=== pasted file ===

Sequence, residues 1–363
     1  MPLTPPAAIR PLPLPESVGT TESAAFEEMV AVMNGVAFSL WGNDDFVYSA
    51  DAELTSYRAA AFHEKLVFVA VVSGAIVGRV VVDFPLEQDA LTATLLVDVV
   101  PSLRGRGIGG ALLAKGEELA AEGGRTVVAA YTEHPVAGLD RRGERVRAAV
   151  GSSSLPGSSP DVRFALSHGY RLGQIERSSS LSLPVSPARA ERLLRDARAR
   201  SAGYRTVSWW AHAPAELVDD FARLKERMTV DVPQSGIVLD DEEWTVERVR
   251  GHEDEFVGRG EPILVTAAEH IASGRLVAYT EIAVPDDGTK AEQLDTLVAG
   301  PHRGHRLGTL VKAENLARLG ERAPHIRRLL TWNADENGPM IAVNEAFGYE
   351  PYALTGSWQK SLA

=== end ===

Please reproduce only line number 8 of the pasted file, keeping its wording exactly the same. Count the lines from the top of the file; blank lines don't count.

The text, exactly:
   301  PHRGHRLGTL VKAENLARLG ERAPHIRRLL TWNADENGPM IAVNEAFGYE